Toy Factory Lofts History

The Toy Factory Lofts at 43 Hanna Ave have become a recognizable landmark in the centre of Liberty Village.  The truth is it’s been a Liberty Village landmark since it was constructed in 1912 as a paper factory owned by Hinde and Dauch, Toronto’s largest paper manufacturers.

The paper factory sold the building to the Irwin family, who started one of Canada’s legendary toy companies in the building in 1940. The Irin Toy Factory became well-known for making some of the coolest toys around, including hula-hoops, Slinky, yo-yos, board games and action figures. The factory embraced it’s role as Canada’s leadingf toy factory for the next 50 years.

Fast forward another 15 or so years and the Liberty Village had become a hotbed for new companies with a modern and artistic flare, including the likes of Adobe Systems, Tucows, Corus Entertainment and BMG Entertainment. Significant changes were in the air but nothing compared to what was soon to take place.

In 2004, Irwin Toys sold the factory building to Lanterra Developments, one of Toronto’s  best known condo development companies. Plans were developed to refurbish the existing structure and add to it to create more space while respecting the original integrity of the building. The Toy Factory Lofts were set to become the final reincarnation of a building whose architectural authenticity makes it one of Liberty Village’s most desirable addresses.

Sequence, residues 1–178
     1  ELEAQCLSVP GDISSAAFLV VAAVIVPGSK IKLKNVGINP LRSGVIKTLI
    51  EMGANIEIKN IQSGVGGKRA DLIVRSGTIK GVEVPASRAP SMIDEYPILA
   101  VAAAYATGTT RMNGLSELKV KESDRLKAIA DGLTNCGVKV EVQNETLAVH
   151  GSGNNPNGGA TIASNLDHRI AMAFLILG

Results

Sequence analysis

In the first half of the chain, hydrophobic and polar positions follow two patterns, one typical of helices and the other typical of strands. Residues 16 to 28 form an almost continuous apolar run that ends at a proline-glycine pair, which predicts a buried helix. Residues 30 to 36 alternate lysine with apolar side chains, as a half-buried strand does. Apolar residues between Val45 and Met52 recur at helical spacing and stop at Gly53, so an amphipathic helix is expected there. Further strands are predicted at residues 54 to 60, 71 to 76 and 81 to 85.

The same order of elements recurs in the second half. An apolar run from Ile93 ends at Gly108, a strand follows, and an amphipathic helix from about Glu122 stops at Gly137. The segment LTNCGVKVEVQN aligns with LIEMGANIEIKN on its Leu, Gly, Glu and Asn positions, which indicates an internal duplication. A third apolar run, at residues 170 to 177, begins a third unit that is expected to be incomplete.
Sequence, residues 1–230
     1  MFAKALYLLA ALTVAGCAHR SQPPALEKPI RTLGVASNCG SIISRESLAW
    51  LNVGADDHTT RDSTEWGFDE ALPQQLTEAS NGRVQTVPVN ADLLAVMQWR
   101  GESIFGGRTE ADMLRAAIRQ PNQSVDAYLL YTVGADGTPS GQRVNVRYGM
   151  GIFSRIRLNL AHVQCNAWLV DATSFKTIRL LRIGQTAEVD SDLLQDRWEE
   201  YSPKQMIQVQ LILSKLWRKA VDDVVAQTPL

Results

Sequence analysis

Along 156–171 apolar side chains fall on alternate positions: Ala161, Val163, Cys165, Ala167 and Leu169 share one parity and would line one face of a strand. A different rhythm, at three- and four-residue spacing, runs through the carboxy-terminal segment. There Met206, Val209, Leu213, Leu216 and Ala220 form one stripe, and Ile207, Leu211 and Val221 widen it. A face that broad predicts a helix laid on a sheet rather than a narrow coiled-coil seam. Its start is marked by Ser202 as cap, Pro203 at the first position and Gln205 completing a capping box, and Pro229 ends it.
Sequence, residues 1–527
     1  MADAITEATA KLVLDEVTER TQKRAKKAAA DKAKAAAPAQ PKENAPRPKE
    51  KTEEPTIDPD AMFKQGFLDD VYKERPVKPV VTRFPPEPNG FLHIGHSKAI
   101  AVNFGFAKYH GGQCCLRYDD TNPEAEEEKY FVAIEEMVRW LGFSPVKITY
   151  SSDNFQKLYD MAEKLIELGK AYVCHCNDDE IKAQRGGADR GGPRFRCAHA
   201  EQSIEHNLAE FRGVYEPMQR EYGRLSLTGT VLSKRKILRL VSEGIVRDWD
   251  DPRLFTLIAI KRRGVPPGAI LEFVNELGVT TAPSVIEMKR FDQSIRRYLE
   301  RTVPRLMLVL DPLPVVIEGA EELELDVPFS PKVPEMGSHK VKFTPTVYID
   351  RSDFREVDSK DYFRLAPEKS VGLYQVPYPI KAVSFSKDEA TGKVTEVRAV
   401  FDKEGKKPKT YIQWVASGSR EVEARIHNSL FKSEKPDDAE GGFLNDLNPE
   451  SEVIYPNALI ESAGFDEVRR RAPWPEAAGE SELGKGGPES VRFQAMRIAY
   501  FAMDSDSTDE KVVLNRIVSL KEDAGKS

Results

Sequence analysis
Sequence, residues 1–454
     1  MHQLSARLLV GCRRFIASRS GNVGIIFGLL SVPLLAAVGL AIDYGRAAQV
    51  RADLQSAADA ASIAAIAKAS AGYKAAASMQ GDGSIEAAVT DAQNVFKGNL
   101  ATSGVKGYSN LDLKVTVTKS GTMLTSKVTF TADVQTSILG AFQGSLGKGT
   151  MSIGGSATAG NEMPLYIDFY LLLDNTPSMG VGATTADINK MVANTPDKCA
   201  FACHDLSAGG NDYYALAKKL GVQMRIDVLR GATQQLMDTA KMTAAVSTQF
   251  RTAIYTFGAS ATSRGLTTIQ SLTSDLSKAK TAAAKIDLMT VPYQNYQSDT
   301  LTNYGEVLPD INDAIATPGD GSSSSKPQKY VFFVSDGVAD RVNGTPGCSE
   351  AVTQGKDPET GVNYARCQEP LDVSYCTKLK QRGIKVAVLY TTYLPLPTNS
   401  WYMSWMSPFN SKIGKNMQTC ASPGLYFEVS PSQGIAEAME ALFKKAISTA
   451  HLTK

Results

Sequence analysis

Want to see what is available for rent or purchase at the Toy Factory Lofts? Here’s a limited selection of listings at 43 Hanna Ave:

Contact Us for ALL available listings at the Toy Factory Lofts (or just click the link). 

1 Comment on Toy Factory Lofts History

  1. Normand Frenette // May 1, 2016 at 3:23 am // Reply

    I was surprised to learn that Hinde and Dauch sold their property to Irwin Toys in 1940, because I worked in the paper mill during four summers until 1957. My father was Superintendant of Production until the mid-1960s, retiring early because of health reasons. My understanding is that the company was taken over by DOMTAR some time in the 1960s, and the equipment was distributed to various Domtar holdings in Canada, notably their plant in Windsor, Quebec. It was Domtar that sold the plant to the Irwin family, but I do not have the precise date since I had moved on to other pursuits away from Toronto.

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